Depending which corner of the internet you’ve been on lately, low carb diet devotees will tell you that carbs are the root of all evil or plant based advocates might sell you that carbs are the healthiest nutrient of them all. The answer, like most things nutrition and science, lies somewhere in the middle and depends on YOUR body. Let’s dive in!
A Quick Primer: What are carbs?
Carbohydrates are molecules primarily made out of carbon + hydrogen and oxygen (similar to water) – hence carbo-hydrate. Our bodies are ultra efficient at using carbs to create chemical energy both for immediate use and to store for a rainy day as glycogen (just stored carbohydrate) in our muscle and liver.
Carbs in food are sugars, starches and fibres. Examples of a few:
- Sugars : Fruit, sweets, baked goods, beets, carrots
- Starches: Potatoes, corn, whole grains like quinoa, wheat and flour based foods (pasta, bread, crackers), winter squash like acorn and butternut, and in beans and legumes like peas, chickpeas and lentils.
- Fibres: Found in all of the whole foods above! Especially rich in berries, whole grains, and even lower carbohydrate foods like seeds and dark leafy greens.
The tricky part: How much do we need?
Contrary to old school thinking, there is no established minimum intake for carbs in healthy adults. Our brain can function on both glucose, ketones and another fuel lactate. Our bodies are perfectly capable of creating glucose for the brain in our liver from the backbone of fat molecules and from having enough protein in our diet.
But, you know I always reach for optimal – not just survival. How much carb you thrive on depends on a few things:
- The younger (below 30’s), more active in high intensity sports or exercises, and fitter you are the more carbs you may benefit from up to about 40-60% of your daily calories.
- The older you are, less active (especially high intensity heart pumping activity), more insulin resistant (ie prediabetes, diabetes, overweight, or hormonal conditions like PCOS) and more sedentary you are the less carbs your body will have a use for.
This is because as we get older or less active our bodies become less insulin sensitive. That means that when you eat carbs, your body puts out insulin to try and get the carbs in to your healthy cells like your muscle – but the knock on the cell’s door doesn’t open it up. So the excess blood sugar floating around which is harmful moves down the hallway to your fat cells, which stay insulin sensitive (they open their door at the very first knock) your whole life. Having more carbs than you need tends to increase fat storage, which is the very thing most of us are trying to prevent! Having carbs frequently or in high amounts also causes more and more insulin to be released, which dulls your healthy cell’s response to that knock on the door even more. This cycle is, in part, what can lead to diabetes in some people.
Several digestive conditions, from Irritable bowel syndrome to Small Intestinal Bowel Overgrowth may also do better with a short term reduction in total carbs, or finessing the types you eat to speed healing.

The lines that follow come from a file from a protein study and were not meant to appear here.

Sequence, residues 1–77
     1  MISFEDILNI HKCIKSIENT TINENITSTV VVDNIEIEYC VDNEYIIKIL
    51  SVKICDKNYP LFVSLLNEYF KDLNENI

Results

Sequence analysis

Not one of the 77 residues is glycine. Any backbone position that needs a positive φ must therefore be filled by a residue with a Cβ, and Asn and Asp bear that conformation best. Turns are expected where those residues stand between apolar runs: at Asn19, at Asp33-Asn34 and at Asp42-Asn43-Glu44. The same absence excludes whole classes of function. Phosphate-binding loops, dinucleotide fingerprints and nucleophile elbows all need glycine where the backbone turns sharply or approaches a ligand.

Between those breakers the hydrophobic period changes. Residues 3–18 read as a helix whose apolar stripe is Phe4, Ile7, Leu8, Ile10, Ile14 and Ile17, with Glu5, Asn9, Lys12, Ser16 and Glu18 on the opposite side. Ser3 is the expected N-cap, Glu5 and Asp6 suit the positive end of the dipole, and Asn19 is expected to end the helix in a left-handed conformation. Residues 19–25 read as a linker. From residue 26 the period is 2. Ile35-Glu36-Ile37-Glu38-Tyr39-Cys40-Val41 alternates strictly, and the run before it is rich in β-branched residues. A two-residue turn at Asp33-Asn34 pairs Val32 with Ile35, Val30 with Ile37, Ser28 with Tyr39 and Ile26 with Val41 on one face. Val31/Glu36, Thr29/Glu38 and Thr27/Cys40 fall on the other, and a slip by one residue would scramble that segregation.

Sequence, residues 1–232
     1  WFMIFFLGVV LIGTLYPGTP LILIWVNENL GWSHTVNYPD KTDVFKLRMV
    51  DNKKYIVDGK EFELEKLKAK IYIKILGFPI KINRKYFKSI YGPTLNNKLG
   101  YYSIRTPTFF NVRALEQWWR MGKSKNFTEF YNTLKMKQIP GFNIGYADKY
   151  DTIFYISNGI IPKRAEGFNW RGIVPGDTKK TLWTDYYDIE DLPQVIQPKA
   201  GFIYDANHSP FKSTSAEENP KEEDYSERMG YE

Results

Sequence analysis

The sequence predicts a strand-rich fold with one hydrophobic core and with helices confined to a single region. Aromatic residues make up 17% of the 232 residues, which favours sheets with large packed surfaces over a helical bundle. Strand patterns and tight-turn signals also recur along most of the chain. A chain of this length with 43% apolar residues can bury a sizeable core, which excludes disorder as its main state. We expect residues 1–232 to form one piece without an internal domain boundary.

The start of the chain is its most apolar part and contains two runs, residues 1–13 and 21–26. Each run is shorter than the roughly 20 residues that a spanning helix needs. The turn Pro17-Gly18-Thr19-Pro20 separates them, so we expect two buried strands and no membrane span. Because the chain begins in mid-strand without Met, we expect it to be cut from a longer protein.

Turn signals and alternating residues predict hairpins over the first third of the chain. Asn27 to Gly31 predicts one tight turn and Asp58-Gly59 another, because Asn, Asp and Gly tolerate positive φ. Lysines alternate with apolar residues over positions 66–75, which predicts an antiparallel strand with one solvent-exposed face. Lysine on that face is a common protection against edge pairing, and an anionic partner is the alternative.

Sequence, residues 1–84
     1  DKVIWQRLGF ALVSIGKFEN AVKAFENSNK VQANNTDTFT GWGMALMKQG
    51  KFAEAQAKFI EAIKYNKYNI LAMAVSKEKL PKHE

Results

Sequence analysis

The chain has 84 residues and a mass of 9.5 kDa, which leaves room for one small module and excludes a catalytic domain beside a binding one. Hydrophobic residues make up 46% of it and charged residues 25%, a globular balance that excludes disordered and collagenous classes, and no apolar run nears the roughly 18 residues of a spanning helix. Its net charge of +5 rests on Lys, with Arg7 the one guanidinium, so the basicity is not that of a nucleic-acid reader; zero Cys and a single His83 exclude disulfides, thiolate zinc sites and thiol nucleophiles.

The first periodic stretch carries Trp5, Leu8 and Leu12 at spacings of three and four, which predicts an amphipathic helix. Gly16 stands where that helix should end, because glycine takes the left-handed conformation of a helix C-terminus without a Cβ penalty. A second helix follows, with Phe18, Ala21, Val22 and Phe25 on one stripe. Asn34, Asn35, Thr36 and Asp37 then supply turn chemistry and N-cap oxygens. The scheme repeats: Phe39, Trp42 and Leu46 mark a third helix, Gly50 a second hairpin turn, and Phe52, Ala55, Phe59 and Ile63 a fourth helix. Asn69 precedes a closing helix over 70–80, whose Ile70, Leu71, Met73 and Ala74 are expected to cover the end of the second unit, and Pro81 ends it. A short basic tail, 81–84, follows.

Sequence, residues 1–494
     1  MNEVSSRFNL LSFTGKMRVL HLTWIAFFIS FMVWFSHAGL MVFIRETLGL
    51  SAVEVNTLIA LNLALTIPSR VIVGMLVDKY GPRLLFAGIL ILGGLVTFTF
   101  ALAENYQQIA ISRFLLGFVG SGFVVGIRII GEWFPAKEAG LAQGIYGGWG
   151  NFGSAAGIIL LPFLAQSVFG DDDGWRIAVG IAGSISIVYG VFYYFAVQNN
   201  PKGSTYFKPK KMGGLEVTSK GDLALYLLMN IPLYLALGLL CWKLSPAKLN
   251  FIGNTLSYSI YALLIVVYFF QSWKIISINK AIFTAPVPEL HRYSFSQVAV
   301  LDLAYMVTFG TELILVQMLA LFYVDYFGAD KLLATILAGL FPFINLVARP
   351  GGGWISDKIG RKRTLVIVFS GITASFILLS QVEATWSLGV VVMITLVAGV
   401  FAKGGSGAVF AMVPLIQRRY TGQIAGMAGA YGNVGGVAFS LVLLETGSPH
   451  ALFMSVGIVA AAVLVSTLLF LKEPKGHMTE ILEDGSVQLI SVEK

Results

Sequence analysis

To be clear – carbs are not in and of themselves bad. They’re just food! Having too much for your body and lifestyle is the problem.
On the flip side, I do come across clients who would benefit from more carbs as well. This is the key part of nutrition, you need to do the digging (or get help) to unearth what YOUR body needs.
Some of the clients who benefit from us bumping it up :
- Chronic overtraining or under eating, and conditions such as RED-S.
- Certain genetic makeups
- Endurance training – we’re talking more than 6-8 hours per week of running, swimming, cycling etc.
- Some hormonal disorders, fertility struggles
- Chronic stress – may respond better to a gentler/moderate nutrition approach
- Lots of high intensity workouts – crossfit, metabolic type workouts
- Active/Athlete teens and twenties – they’re insulin sensitive and burning through quite a bit of both energy (calories) and carbohydrate.
My take home message here is not that carbs are good OR bad. They’re a nutrient that we sometimes abuse, but can also be a rich source of nutrients in the right context. The best first step – try swapping out more processed carbs like pasta, crackers, baked goods, cereals etc for whole food carbs that are chock full of nutrients. Think fruit, whole grains, and starchy veggies like yams. More on this in next week’s email where we dive right in to choosing the healthiest, most nourishing carbs and how to balance convenience and nutrition in this food group.
I know this is a topic that can be SUPER confusing given all the internet chatter. What questions do you have about carbs? It would be a huge help if you would reply here and let me know what you’re confused about, and I’ll answer them all in a Q and A email in later this month! Thank you so much – I’m so grateful you’re part of this little healthy eating tribe.
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